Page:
by Craig Booker
I find it fascinating that as human beings we possess the unique ability to examine what motivates us towards a decision yet we hardly ever take the time to do just that. Often people will make a pro’s and con’s list to help them identify the positive and negative outcomes for an action. I believe this is a wise exercise and probably one of the most basic things we can do as human towards making a good decision. Understanding what motivates us and creating a basic routine for decision making can have a dramatic impact on our day-to-day lives. As I see it, there are three areas of motivation when it comes to making a decision as a believer. These include internal motivators, external motivators, and Godly motivators.
If we are honest with ourselves, most of us will admit that our decisions are largely based on what I will refer to as internal motivators. Internal motivators include our personal needs, wants, and desires. These are the things which appeal to us personally in one way or another. When looking at career motivations, one example of this could be a childhood dream to practice medicine. Another could be the appeal to be a designer due to the desire to create. Sometimes career choices come based on the desired lifestyle which accompanies a particular career. Freelancers and remote workers might cite autonomy as one of their major motivating factors in choosing their current position. These are but a few examples of the possible internal motivators which drive an individual to choose a career.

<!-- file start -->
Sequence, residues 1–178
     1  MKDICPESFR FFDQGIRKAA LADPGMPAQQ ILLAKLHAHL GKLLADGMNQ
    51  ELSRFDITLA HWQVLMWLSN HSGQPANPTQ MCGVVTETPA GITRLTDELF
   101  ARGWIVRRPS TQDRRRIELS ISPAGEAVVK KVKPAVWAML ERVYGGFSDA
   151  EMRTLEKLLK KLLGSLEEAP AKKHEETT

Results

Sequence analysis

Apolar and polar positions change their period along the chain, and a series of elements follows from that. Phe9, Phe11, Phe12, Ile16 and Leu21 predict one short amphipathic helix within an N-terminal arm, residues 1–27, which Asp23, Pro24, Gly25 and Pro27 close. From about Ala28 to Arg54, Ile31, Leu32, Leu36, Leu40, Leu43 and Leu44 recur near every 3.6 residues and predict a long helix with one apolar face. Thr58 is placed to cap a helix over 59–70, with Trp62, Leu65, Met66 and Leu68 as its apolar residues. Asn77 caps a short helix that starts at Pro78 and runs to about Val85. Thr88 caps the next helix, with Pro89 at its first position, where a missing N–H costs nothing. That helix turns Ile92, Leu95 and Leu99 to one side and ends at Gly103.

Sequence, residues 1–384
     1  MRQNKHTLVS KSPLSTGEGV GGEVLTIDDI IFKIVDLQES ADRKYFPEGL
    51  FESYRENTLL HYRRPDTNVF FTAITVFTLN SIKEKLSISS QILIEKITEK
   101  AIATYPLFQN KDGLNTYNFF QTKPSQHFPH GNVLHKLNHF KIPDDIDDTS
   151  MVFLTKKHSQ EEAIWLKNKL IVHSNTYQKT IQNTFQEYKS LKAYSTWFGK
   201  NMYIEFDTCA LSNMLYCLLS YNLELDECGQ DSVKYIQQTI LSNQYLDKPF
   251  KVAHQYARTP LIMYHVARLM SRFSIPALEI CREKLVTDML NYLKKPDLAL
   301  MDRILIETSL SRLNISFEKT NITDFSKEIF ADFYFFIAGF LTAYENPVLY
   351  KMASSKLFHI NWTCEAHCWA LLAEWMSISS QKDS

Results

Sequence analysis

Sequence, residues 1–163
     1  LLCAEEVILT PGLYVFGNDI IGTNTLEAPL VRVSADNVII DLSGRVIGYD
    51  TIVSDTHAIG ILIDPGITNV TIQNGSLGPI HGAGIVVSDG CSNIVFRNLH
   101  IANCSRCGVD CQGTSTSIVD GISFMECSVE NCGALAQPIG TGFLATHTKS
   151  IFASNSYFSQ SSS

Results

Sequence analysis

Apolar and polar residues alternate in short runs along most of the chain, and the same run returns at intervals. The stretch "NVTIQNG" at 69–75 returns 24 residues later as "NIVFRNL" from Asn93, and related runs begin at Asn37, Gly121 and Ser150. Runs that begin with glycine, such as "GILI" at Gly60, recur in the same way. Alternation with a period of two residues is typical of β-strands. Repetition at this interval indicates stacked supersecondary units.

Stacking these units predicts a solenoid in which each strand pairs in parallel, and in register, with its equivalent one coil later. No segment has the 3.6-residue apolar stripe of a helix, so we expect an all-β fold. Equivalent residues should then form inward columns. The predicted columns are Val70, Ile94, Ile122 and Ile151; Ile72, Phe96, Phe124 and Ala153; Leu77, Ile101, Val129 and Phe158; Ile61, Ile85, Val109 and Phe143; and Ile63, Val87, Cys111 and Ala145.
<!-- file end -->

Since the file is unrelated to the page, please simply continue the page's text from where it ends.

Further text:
External motivators come in many shapes and sizes of which might include circumstances, friends or family members. Sticking to the theme of career motivations, an example of an external motivator might include the level of pay a particular career provides. Another might be upholding the expectations from parents, friends or other family members. People often want to impress or be seen favorably by their parents, friends or potential spouse. The prestige associated with a particular career can be an intoxicating desire which can be hard to pass up. Sometimes external motivators come in the form of difficult circumstances. Being fired or let go from a job creates an intense sense of urgency when looking for work. Often the weight of the situation will drive people to accept jobs which they might not accept otherwise. Here I have listed just a few examples, but I believe they give enough clarity to the concept of external motivators.
God’s Will aka “Godly Motivators”
This includes the Will of God. Another way of thinking about this category might be to think about the plans God has for his children. This category often takes a back seat to internal or external motivators. We are often so overwhelmed by the first two categories that God’s Will gets overlooked in the process. As we mature as believers, God’s Will should begin to take priority in our decisions. This can begin by simply asking the question, “God, what do you want in this situation?” Merely asking the question causes a shift of focus from our internal and external motivators to what is really important, God’s Will.
I hope that simply thinking through this topic will stir within you the desire to come up with your own decision making plan. Simple or complex it does not matter. The result is what matters. I have not accomplished. this, I merely started thinking it through. This is on my list to do this year. I hope you will make it a priority because I believe the results of having an effective decision-making routine can change your life.